Monday, 8 November 2010

The Best Ski Resorts in Europe

Choosing the right ski resort for a family skiing holiday can make the world of difference, and if you love to ski than what better place than in Europe. Home to the Alps; stretching from Slovenia across the heart of Europe and ending in France, famed as the birth place of Alpine skiing and the host of the winter Olympics on more than several occasions. 

With more than just snow on offer, it’s hard to decide upon the style of resort to visit, which spectacular scenic backdrop to choose or which cultural and culinary adventure you wish to experience, not forgetting the opportunity to hobnob with some internationally renowned characters along the way.

Best Super Resort

Although not the biggest resort in Europe, the seamless connection of Val d’Isere and Tignes make it hard to find another super resort that is well manicured and offers so much variety.  Although neither resort stands out on its own, the area of Espace Killy in France; named after the champion skier Jean-Claude Killy is famed as a master piece in function and is all about the skiing, making it the crop of Europe’s super resorts. 

With 186 miles of piste and an integrated network of 90 lifts, what would normally take you a day or more in other resorts can be done in an afternoon. 

Beginners and Intermediates can choose from huge open bowls, gentle winding trails and altitude “motorways” to cruise, whilst experts have a vast playground littered with steeps, shoots, gullies, cliffs and trees to explore.

Val D’Isere is the bigger of the two resorts and offers a glossier, richer and more traditional ski destination, however Tignes offers more inexpensive accommodation, has quicker access to the slopes and offers bars and restaurants for the modest budget, making it ideal for families. 

Best for Powder

For expert skiers, La Grave, France is the closest thing you will get to heaven, with its combination of ski lift access and unpisted, unpatrolled terrain, there is no other resort in Europe like it.

Starting from the small unassuming village at the foot of the valley, the single 1970’s styled pods will lift you up to 3,200m with the summit of Dome de la Lauze at 3,550m. Although not all routes are death defying, the conditions in the resort are not suitable for beginners or intermediates and it is recommended that you are accompanied by a professional guide as the typical decent offers spectacular open bowls, small chutes, glacier morains and endless steeps and deeps.

Those seeking a cruise on a piste should head down the other side of la Meije into the ski area of Les  Deux Alps. 

The small traditional village resort is basic, and it is all about the skiing here, accommodation is cheap and cheerful and there is no nightlife with the entertainment focused on people discussing their breath-taking descents of the day.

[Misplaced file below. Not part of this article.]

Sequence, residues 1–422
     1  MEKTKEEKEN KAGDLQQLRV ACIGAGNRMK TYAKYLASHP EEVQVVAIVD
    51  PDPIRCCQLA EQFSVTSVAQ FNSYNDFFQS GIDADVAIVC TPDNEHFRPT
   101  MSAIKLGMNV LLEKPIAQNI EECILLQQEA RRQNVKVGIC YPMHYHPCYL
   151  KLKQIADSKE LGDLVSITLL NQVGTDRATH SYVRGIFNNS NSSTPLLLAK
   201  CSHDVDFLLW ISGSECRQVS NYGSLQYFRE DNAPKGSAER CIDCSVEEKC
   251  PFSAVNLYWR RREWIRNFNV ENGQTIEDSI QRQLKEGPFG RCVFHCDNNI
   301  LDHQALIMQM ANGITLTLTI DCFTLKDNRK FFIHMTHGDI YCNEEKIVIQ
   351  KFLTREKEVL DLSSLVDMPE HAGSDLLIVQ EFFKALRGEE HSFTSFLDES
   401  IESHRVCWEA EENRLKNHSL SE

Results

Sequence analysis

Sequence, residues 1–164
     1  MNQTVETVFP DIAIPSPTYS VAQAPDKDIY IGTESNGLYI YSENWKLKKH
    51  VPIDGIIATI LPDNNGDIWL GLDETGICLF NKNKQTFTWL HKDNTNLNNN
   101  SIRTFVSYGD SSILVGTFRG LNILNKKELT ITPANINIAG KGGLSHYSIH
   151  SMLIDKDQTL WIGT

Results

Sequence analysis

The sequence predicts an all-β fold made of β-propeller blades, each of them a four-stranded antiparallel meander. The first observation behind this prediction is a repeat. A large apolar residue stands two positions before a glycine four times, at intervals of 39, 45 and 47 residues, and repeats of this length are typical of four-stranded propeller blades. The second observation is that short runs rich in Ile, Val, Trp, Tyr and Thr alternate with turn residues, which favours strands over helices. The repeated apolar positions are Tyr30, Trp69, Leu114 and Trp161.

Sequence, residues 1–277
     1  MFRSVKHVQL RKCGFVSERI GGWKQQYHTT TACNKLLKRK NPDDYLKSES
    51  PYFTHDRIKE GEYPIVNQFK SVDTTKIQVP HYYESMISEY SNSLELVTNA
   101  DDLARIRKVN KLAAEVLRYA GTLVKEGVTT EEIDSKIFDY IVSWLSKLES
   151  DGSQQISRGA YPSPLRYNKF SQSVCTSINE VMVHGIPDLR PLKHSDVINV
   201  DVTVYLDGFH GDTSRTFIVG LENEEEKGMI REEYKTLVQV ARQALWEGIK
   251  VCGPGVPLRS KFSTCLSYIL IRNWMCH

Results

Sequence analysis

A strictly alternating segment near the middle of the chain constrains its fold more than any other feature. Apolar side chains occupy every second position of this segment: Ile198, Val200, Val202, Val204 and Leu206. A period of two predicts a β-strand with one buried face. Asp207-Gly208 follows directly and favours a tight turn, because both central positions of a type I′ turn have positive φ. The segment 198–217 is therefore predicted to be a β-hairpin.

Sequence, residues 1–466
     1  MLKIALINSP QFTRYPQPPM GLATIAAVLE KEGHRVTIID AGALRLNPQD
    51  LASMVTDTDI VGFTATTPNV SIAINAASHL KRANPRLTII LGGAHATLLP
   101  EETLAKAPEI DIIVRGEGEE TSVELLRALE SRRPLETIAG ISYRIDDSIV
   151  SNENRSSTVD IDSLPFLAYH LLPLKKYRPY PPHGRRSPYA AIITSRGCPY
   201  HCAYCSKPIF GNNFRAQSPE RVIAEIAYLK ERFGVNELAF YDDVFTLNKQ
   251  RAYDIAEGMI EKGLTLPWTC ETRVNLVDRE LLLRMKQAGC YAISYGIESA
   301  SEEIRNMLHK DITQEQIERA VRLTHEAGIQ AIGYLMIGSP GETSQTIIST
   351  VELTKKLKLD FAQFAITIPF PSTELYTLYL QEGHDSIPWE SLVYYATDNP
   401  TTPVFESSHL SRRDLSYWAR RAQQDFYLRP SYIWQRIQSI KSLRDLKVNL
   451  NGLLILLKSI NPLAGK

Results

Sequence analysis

Best Off the Beaten Track

With empty, sheltered north facing slopes that hold powder for days, Galtur, Austria offers skiing of a bygone age. With just 10 lifts this resort is ideal for families and groups of all levels. Whilst larger resorts can be a nightmare, Glatur offers just one compact ski area with one restaurant in the centre, allowing everyone to ski at their own pace and still meet up. 

The quiet slopes allow for beginners to build their confidence, whilst more experienced skiers can enjoy the laid back vibe and the feeling they are in the mountains, not suburbia.  Whilst the village is traditional and unassuming, if a little on the quiet side, it is great for young families and with a free ski bus linking it to Ischgl you are not to far from the liveliest après-ski action to be found anywhere in the alps.

Best for Real Skiers

For a resort that combines great food, service and charm with some of the most extensive and extreme skiing and après-ski drinking St Anton in Austria is a must. 

With a train that runs right into the centre of the town, this resort is easily reached from airports such as Zurich.  However it has retained much of its character, with skiers still able to ski from village to village stopping in traditional mountain restaurants along the way for food and drink.

Although challenging for beginners, they will soon find their skis, whilst intermediates and expert skiers will enjoy the altitude, steep shoots, cliffs and bowls. 
With two of the most famous bars in the Alps; The Mooserwirt and The Krazy Kangaroo perched on the piste about 500m above the town the après-ski is just as extreme as the skiing. Filling up by late afternoon skiers will delight in dancing on the tables and downing schnapps as they party the night away.